Maybe it was the weather that night (lousy).
Maybe it was candidate boredom (appearing in their seventh debate of this campaign).
Or maybe it was voter fatigue (the Oct. 6 provincial election marks the 10th trip to the polls voters in Parkdale–High Park will have taken at all three levels of government in the past eight years).
One’s tempted to call it a plague of democracy. Some around the globe give up their lives for it; increasingly, we in the West opt to sleep through it.
Whatever the reason, it’s fair game to call the election debate at Runnymede United Church a couple of weeks back one of the lamest exercises of its sort in recent memory. Too often the candidates served up snoozy boilerplate replies to questions from voters who, by and large, failed to engage the contestants in any meaningful — or entertaining — way.
It never seemed this way before. The Bloor West Village Residents Association has a well-deserved reputation for hosting lively candidate debates where all sides jump in — voters and candidates alike — with arms and legs flailing.
Not this time. Whereas previous debates in the venerable church basement have attracted capacity crowds of 200 or more, this night the audience barely reached 100 including the soundman, custodian and volunteer organizers.
In an post mortem of the evening afterward and in subsequent emails going ’round, it was suggested maybe the format needs repairing; that the customary method of having a ticket draw determine who is allowed to ask questions might need changing. This approach usually manages to eliminate most softball questions from party cheerleaders in attendance.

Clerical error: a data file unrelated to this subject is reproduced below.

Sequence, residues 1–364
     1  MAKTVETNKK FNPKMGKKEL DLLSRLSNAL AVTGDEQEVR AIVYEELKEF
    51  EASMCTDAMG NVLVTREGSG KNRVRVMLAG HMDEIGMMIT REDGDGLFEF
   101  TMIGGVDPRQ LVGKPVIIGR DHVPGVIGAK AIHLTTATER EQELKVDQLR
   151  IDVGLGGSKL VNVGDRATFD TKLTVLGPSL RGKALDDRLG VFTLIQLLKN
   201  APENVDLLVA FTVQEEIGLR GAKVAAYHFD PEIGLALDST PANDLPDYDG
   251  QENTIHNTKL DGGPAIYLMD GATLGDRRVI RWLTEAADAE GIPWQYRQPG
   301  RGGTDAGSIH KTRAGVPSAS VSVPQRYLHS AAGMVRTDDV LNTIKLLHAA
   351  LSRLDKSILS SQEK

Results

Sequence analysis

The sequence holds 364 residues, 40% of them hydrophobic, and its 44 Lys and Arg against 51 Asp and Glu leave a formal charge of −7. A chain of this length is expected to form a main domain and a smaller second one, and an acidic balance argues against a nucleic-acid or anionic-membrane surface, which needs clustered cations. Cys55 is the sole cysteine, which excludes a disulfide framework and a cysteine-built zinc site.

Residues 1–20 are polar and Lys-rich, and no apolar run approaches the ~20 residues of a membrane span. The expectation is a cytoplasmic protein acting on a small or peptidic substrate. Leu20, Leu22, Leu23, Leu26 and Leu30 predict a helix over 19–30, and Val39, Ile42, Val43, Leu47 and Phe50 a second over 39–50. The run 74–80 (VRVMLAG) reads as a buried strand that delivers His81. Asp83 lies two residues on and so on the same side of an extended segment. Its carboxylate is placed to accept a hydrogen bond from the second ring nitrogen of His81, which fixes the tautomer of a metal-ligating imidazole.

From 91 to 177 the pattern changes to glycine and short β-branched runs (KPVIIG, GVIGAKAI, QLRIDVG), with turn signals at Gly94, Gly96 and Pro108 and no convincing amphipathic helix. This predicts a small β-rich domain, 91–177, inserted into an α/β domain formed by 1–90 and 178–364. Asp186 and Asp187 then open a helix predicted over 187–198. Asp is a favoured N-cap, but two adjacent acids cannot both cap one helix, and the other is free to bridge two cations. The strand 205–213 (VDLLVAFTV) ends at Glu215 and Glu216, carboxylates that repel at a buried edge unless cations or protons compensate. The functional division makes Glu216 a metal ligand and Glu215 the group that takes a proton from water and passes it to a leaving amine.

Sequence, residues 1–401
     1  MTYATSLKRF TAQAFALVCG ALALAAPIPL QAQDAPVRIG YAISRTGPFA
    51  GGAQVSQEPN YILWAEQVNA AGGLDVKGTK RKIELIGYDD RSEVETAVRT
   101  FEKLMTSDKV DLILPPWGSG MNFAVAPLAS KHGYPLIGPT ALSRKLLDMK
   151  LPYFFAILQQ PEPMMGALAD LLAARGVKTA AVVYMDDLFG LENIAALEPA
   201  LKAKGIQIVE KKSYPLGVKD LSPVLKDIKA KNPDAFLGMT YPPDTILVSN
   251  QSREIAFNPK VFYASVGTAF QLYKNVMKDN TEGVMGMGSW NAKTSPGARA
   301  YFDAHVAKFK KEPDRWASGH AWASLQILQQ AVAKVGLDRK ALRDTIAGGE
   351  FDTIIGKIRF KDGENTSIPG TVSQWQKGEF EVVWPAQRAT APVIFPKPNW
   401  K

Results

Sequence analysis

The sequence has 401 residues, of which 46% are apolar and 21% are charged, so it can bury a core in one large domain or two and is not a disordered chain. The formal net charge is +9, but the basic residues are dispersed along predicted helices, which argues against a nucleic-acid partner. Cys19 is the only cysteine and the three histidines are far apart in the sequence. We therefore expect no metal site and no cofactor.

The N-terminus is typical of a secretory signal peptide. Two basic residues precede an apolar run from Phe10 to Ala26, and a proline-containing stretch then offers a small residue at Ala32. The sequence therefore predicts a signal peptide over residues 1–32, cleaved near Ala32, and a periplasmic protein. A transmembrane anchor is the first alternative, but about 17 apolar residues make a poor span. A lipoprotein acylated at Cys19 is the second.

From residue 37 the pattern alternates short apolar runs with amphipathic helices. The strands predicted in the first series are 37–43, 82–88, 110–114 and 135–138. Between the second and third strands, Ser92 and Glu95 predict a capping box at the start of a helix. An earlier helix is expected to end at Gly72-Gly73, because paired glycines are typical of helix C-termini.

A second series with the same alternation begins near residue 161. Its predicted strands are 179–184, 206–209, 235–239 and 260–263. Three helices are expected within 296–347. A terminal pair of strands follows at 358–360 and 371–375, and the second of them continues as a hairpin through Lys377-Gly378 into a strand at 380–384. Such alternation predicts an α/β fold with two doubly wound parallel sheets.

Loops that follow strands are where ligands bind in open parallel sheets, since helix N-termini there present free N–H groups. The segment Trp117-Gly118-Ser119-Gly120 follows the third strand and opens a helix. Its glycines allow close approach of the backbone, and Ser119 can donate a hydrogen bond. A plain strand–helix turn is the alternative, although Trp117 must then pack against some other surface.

Not so. A portend of the evening ahead became apparent when the first three ticket draws failed to produce a person willing to pose a question.
It seems we’ve exhausted the pool of issue-based questions left to ask candidates. More-and-more of these so-called debates only serve to give candidates an increasingly stale platform to repeat, regurgitate and reinforce talking points already available on their party’s websites, in partisan brochures and through the echo chamber of social media.
It’s all out there even before candidates take the stage. Like McDonald’s or Holiday Inn hotels, expect neither surprises nor originality at today’s all-candidates meeting.
Perhaps it’s time we outlawed the traditional election debate and replace it with something akin to that old, but very popular, CBC television talk show Front Page Challenge wherein panelists would attempt to defrock a celebrity guest by getting beyond the mask that guarded their public persona. It was intelligent and entertaining; in fact it was everything our current model of election campaign debates badly lack.
Or maybe the cure is to do nothing at all.
After a torrent of voting over the past decade we could be heading for a prolonged electoral drought. Should either the Conservatives or Liberals win a majority at Queen’s Park this month the next provincial vote won’t happen until October 2015. Ditto for Stephen Harper and his majority in Ottawa who are safely cocooned from voters until the same month, same year.
Meanwhile, the Ford brothers will be running Toronto in their own image until October 2014.
By then we should be ravenous for an all-candidates debate like we enjoyed in the good ol’ days.
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